The brash, spirited athletes of Murderball crash through opponents and stereotypes in the rough and tumble world of quad rugby.
By STEVE PERSALL
Published July 28, 2005
You may cry while watching the quadriplegics in Murderball, but it definitely won't be out of pity. These guys rock when they roll in reinforced wheelchairs that Mad Max would admire, playing a game called quad rugby, rough and with enough tumbles to make fully able people gasp.
Those will be tears of admiration, for "quads" who aren't imprisoned by their condition and for filmmakers bold enough to make their stories zing.
I sobbed throughout a screening of Murderball at the Sarasota Film Festival way back in January and predicted then that it would be the best film of 2005. Seven months and another screening later, that opinion hasn't changed. This is an R-rated movie I wish almost everyone would see, even some children, despite its salty language and brief sexuality. If kids aren't ready for such material yet, don't worry. This radically inspiring movie will be around for a long, long time.
What's so radical? The fact that co-directors Henry Alex Rubin and Dana Adam Shapiro never hint at condescension and never strike a maudlin note. It's a defiant film on all counts, refusing to push those emotional buttons Hollywood has worn down to nubs.
Along the way, Murderball transfers its straightforward attitude to viewers, bringing up subjects that most of us would be too embarrassed or inarticulate to discuss. I'll admit that before this movie, I incorrectly thought that all quadriplegics were like Christopher Reeve, almost entirely immobile. From awareness many questions spring, and Murderball answers them. How do such injuries happen, and why with such diverse results? What can that kind of life be like? Do quads feel they're missing anything? And what about sex or anything that makes life fun?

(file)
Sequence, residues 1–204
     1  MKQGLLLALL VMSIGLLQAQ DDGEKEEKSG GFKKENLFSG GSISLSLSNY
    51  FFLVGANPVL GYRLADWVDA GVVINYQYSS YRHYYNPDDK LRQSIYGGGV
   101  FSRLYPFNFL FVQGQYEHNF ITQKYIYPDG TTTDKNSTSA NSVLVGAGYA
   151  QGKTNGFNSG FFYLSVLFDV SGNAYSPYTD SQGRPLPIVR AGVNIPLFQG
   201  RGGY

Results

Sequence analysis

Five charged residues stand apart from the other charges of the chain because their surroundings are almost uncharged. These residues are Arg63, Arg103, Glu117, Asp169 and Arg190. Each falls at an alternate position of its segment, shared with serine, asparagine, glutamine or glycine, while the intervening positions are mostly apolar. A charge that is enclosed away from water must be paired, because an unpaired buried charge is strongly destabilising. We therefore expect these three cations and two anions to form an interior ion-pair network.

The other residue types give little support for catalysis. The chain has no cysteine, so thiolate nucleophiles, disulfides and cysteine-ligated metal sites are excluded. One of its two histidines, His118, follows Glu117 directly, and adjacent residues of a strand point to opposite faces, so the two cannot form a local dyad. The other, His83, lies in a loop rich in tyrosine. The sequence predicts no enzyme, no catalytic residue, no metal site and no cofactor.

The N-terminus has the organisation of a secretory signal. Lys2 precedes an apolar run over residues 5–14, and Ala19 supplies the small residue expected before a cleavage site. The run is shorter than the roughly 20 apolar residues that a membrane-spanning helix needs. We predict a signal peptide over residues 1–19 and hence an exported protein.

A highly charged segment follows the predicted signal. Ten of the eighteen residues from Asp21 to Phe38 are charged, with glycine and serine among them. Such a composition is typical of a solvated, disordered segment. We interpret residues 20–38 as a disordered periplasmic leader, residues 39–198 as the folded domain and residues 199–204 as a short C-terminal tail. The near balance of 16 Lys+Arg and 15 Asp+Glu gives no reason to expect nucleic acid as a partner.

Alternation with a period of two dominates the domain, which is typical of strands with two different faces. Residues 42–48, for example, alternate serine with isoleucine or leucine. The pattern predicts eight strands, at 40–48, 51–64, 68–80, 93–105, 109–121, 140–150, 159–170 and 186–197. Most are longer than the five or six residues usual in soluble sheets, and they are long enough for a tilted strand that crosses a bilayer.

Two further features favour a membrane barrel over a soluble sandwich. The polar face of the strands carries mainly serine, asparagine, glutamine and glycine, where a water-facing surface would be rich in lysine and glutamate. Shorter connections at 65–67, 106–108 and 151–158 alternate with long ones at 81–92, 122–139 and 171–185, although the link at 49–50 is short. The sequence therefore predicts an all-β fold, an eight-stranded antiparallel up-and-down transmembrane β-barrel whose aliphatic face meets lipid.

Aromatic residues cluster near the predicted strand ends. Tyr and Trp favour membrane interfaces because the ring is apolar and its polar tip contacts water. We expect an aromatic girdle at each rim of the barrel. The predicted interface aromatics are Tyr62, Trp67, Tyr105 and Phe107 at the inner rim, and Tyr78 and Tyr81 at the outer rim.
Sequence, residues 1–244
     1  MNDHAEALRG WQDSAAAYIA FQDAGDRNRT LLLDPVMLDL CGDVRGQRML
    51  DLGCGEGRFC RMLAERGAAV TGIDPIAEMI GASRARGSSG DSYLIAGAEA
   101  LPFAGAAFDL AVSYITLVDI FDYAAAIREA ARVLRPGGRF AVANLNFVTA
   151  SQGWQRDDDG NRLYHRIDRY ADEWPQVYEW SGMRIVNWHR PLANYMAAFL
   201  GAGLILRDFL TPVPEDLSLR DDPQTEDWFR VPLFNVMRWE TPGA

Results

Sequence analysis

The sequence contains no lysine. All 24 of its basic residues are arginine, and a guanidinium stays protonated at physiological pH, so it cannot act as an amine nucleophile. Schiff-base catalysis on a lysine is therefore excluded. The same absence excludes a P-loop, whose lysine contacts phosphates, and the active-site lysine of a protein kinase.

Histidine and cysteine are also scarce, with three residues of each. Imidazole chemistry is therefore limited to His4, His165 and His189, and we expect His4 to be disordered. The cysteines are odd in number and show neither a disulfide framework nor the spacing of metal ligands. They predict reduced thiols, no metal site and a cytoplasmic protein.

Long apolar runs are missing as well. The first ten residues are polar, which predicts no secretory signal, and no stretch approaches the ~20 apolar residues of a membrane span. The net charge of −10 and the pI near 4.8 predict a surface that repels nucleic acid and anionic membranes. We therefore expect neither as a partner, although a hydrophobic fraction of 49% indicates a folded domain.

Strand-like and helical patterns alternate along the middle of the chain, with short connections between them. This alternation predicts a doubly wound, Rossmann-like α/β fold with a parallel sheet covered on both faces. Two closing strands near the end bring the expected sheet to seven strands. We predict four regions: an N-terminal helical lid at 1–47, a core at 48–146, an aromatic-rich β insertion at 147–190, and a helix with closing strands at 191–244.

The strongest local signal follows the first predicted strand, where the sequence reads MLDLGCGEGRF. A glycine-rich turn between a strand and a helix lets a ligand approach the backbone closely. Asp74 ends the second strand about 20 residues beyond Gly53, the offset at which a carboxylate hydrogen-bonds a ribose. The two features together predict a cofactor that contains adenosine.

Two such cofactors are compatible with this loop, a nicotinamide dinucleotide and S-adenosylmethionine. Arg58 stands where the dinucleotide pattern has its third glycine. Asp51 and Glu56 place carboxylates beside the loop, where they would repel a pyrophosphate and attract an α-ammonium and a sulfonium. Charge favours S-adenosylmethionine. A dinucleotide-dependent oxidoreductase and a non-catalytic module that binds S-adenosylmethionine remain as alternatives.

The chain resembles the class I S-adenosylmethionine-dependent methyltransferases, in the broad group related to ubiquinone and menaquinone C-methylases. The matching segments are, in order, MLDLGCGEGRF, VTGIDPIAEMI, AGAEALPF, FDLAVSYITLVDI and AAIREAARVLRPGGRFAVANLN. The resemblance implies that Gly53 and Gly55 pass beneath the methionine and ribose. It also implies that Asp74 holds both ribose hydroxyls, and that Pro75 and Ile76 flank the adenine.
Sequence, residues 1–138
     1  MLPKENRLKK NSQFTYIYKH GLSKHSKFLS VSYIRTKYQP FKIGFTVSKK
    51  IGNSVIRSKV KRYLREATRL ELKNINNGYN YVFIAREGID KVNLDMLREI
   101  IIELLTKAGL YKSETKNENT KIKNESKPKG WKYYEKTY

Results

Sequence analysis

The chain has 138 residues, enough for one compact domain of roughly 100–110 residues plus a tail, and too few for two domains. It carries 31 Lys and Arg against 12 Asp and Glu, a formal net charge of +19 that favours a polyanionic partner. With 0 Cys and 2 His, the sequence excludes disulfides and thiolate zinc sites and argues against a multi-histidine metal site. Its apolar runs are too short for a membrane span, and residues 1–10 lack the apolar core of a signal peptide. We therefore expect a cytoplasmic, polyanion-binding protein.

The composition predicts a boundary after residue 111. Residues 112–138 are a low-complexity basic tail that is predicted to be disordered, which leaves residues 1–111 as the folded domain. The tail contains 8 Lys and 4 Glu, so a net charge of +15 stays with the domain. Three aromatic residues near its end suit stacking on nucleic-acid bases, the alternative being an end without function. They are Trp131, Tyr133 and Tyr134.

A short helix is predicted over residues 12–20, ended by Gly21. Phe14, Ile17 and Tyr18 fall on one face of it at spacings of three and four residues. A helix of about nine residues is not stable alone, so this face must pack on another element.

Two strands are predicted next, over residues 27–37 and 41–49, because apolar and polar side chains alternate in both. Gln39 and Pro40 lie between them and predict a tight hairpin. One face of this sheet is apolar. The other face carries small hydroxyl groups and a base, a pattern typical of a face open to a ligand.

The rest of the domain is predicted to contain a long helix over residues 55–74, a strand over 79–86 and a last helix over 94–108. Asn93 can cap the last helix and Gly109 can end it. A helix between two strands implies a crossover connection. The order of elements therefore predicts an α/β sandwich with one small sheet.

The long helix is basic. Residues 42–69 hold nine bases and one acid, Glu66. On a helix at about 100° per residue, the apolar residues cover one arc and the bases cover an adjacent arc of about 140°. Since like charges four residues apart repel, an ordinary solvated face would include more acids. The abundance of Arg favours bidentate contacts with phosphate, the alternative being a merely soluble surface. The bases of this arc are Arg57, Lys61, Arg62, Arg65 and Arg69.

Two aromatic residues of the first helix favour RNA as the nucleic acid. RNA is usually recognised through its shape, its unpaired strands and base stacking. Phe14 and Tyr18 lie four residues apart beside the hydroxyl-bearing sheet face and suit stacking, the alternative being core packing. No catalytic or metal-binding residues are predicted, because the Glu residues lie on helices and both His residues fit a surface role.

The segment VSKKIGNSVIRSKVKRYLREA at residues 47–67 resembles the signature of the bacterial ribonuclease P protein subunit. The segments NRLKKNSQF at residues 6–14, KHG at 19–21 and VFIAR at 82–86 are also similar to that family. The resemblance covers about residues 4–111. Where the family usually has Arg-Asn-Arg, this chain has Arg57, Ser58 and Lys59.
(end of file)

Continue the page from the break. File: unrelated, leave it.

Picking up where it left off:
Any medical documentary could explain all that. The beauty of Murderball is the game and what it means to the dozens of quadriplegics - plus some able friends and lovers - onscreen. Rugby is a chance to remain vital, to compete, bond or develop bitter rivalries. It's played on basketball courts without pads but with a lot of attitude, exemplified by the bitter grudge between Mark Zupan and Joe Soares.
Zupan leads the Team USA all-stars in international competitions. Buzz-cut, goateed and tattooed, he looks like a grunge rocker - only, as he puts it, shorter in his chair. Zupan fell asleep in a friend's pickup truck bed and was thrown into a South Florida canal, snapping his neck. A friend comments that he was a jerk before the accident, so don't blame the wheelchair.
Soares looks more like the school principal who would suspend someone like Zupan. The Tampa resident didn't make the U.S. team roster this time, so he shifted allegiance to Team Canada as head coach. Soares is considered a traitor to his country by Zupan and the U.S. squad. At the very least, he's an abrasive personality who is easy to dislike.
Those conflicting personalities branch into perfectly developed subplots. The driver who caused Zupan's condition, his best friend in high school, had felt so guilty he stayed away. Meanwhile, Zupan's presentation to a therapy ward for new quadriplegics has a strong effect on a patient, Keith Cavill, whose story raises the emotional bar even higher. Soares' relationship - or lack of one - with his young son is fascinating, with a twist midway that would seem phony in a Hollywood feature film.
A second viewing of Murderball shows how expertly Rubin and Shapiro shaped their movie, with narrative precision usually reserved for great authors and unblinking cameras, which are even rarer. During the first viewing, the depth of these personalities, the measure of their lives, was just too powerful to notice the film's technical brilliance. On both counts, Murderball is enough to make movie lovers cheer through their tears.Murderball
Directors: Henry Alex Rubin, Dana Adam Shapiro
Cast: Mark Zupan, Joe Soares, Keith Cavill
Rating: R; harsh profanity, sexual content
Running time: 88 min.